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19.01.2021 Feature Article

Addis Ababa: rein in on chauvinists

Delusions of ancestral lands should end
Mubarak Mahgoub MusaMubarak Mahgoub Musa
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In Conformity with legal norms, the entry into force of an agreement comes after being legally drafted and the consent of all parties involved, hence, the validity and enforceability of the 1902 Agreement, delineating the boundaries between Sudan and Ethiopia, which was concluded between the British Government and the Ethiopian Emperor Menelik II, came into force after the latter was officially handed over the notification of approval of King Edward of Britain on October 28th1902.

Ever since, there has been no indication that the Ethiopian government has ever officially, contested this established line of the common borders; on the contrary it has affirmed its commitment to it in July-August 1955, June 1957, and July 1972 respectively. Consequently, here comes the importance of Ethiopia's commitment to international law, with regard to the principle of good faith when implementing international obligations, in accordance with the provisions of the Vienna Agreement on the Law of International Treaties of 1969.

In fact, until the year 2013, the only outstanding task has been the resumption of delimitation and emplacement of boundary markers, which continued otherwise, to be disrupted by Addis Ababa on one pretext or another; Citing sometimes its inability to meet its share in the financial costs of the mission and on other occasions, torpedo the assignment by referring to the unfavorable circumstances in its internal political landscape.

Having mentioned Ethiopia’s internal political landscape, there should be no mistake; any attempt to fully understand the drivers behind such elusiveness, in isolation of the ongoing complex transformations shaping Ethiopia's political landscape especially, shall definitely prove to be insufficient and rather myopic thinking.

Already known, Ethiopia unlike most of the countries in Africa, is not a centralized State: the new constitution in 1995, has divided Ethiopia into nine states however, based on ethnic federalism.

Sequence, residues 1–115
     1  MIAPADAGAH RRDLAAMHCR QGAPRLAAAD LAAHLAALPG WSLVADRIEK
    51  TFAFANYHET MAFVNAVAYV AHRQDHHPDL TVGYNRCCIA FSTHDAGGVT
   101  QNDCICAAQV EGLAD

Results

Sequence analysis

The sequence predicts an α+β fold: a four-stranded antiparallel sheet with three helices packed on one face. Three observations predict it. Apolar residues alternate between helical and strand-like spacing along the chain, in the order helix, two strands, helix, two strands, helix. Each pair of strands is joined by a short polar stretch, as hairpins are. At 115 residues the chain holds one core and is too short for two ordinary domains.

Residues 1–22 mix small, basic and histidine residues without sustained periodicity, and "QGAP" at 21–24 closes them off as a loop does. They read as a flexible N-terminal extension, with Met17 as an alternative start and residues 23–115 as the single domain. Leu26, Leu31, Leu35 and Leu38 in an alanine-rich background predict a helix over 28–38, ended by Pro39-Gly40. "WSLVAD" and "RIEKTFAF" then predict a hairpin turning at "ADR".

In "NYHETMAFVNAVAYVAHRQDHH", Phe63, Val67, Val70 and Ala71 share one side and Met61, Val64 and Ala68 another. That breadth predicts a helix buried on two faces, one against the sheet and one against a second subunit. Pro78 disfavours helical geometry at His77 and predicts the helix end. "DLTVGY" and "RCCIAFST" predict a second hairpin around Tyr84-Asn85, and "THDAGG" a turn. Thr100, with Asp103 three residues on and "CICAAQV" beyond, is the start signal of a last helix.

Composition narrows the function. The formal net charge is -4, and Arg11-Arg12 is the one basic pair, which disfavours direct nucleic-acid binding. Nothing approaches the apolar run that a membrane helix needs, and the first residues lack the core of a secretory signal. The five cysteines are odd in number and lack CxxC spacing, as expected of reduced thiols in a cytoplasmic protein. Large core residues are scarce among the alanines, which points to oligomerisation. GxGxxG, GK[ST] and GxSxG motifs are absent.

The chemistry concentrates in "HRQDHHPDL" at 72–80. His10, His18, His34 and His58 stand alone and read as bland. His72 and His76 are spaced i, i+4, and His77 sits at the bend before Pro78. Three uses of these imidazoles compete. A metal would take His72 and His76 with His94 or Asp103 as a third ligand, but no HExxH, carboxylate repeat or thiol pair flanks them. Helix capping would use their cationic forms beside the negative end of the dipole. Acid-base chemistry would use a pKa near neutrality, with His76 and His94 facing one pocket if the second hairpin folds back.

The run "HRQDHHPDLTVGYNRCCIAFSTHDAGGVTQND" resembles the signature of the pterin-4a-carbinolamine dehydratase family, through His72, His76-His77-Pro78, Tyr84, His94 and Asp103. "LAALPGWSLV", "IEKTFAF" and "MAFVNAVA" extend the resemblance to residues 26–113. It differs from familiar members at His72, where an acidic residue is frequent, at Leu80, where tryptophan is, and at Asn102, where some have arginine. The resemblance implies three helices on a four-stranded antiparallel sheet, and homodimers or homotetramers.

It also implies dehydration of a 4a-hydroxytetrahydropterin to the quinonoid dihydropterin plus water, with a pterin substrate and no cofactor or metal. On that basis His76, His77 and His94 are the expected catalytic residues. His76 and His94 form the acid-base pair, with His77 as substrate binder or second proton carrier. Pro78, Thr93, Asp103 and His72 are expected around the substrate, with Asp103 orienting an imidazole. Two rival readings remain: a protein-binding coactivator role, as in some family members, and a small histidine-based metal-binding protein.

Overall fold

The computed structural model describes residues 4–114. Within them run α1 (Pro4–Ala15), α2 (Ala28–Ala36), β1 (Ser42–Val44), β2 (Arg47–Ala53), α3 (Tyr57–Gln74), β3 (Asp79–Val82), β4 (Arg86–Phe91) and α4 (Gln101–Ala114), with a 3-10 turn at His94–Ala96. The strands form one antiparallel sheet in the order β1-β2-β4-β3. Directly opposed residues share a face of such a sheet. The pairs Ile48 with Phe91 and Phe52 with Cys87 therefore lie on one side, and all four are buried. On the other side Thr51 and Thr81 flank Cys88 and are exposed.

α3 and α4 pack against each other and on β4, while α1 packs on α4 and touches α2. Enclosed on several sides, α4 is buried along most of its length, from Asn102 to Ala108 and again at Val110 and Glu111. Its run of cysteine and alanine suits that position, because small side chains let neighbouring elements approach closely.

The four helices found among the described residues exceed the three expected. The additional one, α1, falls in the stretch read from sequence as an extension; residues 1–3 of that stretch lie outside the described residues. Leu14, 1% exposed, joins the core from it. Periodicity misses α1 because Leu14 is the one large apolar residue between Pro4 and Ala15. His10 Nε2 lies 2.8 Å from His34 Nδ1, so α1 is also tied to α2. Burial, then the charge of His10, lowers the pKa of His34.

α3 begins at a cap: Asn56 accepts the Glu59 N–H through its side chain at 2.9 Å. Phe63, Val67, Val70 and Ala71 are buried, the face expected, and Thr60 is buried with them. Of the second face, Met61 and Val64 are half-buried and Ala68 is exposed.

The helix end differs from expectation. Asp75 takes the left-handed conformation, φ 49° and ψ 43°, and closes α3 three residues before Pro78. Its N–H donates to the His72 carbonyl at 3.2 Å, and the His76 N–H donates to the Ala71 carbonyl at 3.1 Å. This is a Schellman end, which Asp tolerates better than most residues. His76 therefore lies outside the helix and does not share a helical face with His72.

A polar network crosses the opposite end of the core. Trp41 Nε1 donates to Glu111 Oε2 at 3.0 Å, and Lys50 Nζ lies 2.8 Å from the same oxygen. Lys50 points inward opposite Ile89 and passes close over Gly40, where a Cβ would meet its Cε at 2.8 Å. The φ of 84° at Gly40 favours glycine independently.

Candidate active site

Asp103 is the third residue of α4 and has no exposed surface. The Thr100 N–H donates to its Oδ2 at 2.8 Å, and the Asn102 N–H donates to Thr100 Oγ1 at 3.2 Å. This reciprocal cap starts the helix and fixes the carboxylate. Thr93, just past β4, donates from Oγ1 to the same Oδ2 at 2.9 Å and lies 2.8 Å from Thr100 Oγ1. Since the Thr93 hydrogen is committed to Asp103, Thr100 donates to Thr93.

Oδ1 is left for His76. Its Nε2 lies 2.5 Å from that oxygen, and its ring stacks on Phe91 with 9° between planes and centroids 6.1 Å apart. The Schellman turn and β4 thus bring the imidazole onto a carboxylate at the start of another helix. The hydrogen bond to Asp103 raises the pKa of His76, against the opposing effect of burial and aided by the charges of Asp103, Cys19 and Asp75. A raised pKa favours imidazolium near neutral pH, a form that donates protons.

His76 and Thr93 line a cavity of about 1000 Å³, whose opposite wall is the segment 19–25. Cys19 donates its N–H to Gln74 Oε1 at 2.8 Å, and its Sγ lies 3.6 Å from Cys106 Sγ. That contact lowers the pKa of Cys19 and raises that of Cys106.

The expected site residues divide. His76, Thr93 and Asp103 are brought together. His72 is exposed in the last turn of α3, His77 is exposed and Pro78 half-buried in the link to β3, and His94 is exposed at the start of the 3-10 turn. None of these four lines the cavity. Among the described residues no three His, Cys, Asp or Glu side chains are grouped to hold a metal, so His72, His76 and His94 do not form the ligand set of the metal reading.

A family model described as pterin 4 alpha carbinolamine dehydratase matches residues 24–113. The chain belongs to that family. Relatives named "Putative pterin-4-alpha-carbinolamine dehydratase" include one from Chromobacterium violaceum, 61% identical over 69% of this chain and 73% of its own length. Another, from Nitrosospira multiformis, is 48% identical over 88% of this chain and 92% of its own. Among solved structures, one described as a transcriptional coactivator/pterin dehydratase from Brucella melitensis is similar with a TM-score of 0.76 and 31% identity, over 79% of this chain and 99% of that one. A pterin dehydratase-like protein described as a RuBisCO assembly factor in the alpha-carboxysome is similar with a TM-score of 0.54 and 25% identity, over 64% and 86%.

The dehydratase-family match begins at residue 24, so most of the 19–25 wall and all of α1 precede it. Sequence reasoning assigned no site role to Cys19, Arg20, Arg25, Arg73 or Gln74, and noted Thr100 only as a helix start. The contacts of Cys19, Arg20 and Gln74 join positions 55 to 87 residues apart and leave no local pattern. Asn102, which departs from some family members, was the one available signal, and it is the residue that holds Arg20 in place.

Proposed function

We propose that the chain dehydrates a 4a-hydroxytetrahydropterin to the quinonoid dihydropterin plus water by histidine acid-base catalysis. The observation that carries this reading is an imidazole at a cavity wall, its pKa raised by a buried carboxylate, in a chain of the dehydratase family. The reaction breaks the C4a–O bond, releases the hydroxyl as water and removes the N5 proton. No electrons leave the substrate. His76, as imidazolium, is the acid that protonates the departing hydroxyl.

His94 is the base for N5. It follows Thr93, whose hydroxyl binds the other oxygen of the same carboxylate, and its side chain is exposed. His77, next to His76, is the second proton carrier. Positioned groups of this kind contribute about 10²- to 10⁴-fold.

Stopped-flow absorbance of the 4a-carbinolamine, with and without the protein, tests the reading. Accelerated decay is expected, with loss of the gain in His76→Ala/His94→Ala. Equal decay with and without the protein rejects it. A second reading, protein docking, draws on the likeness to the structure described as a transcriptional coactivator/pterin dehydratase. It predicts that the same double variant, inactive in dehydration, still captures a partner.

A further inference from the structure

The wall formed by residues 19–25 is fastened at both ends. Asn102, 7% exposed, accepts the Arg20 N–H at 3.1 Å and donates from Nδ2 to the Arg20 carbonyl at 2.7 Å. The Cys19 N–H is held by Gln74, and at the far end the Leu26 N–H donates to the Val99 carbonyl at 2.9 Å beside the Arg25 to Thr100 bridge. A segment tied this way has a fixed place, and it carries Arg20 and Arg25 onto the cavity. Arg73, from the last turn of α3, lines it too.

Irrespective of the ups and downs of such perhaps unprecedented political experiment in Africa, which is a matter left at the end of the day, to the discretion of the Ethiopian people alone, yet the experiment was bound to have a ripple effect in the region.

In particular, it should be appropriate to draw the attention to the multiplicity of military and security services; under the said Constitution, every single state enjoys its own distinctive army, police and internal security apparatus. Al-Amhara state neighboring Sudan, was not an exception.

Hence, during the course of the conflict in Al-fashaqa, the Sudanese army has been actually fighting federal armed forces and not merely a group of bandits or outlaws, as continually depicted by Addis Ababa in its occasional statements every now and then.

The modern world should know, the chauvinists amidst the Amhara’s ethnic group, driven by the same territorial designs over Sudan, refuse to recognize the official and international maps, and are instead using ones of their own, mainly premised on the very obsolete claims of ancestral lands. Ironically, their expansionist ambitions in Sudan, are not limited to the current Sudanese Al-fashaqa region, but extends deep further till Al-Gazira region in central Sudan.

Accordingly, what has made the common borders issue between Khartoum and Addis Ababa further complicated to settle, lie in the fact that it has become part of Ethiopia's internal political bargaining and manipulation.

For instance, in the context of their political rivalry with the center, activists in Amhara state used to exert a lot of pressure on the government of the late Meles Zenawi, accusing the latter of ceding their (historical) lands to Sudan, under secret agreements with Khartoum.

On his part, in order to decisively put an end to this one-upmanship and political blackmailing, the late Prime Minister, Meles Zenawi, expressly declared in an official speech before the Ethiopian Federal Parliament in November 2008, that the region of Al-Fashaqa is a Sudanese territory, reminding the MPs that Ethiopian government recognizes the validity and enforceability of Major Gwen's border line.